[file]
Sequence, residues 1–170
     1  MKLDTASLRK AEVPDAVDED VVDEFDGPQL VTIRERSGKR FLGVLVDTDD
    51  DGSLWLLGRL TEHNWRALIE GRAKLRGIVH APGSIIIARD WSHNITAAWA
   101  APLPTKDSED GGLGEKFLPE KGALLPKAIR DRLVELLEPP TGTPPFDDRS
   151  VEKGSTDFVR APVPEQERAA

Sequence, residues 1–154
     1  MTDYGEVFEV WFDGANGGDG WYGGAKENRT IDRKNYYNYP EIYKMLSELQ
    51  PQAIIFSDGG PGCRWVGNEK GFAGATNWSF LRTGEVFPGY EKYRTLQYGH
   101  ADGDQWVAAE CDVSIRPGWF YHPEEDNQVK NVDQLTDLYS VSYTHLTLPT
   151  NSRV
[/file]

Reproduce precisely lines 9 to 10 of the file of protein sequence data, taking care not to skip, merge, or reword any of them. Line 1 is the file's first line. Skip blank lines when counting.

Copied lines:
   101  ADGDQWVAAE CDVSIRPGWF YHPEEDNQVK NVDQLTDLYS VSYTHLTLPT
   151  NSRV